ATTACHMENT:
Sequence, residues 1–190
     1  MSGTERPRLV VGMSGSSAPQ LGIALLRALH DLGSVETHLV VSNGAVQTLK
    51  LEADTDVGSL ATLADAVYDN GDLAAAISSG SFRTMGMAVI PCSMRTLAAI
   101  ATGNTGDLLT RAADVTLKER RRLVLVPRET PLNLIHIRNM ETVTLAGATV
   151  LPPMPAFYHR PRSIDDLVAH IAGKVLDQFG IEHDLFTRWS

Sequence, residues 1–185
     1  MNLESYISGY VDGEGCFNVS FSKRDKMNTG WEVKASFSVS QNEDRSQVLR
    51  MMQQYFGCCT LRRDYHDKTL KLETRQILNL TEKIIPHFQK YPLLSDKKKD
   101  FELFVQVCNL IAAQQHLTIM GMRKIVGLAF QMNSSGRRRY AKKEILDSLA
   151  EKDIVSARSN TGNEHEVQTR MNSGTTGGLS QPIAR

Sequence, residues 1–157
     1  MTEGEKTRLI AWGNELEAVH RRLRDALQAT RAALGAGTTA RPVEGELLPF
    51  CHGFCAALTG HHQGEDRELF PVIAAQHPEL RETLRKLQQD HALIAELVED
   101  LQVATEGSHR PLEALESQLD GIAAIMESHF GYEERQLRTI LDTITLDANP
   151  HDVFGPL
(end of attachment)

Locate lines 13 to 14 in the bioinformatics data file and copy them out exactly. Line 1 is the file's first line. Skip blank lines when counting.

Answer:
    51  CHGFCAALTG HHQGEDRELF PVIAAQHPEL RETLRKLQQD HALIAELVED
   101  LQVATEGSHR PLEALESQLD GIAAIMESHF GYEERQLRTI LDTITLDANP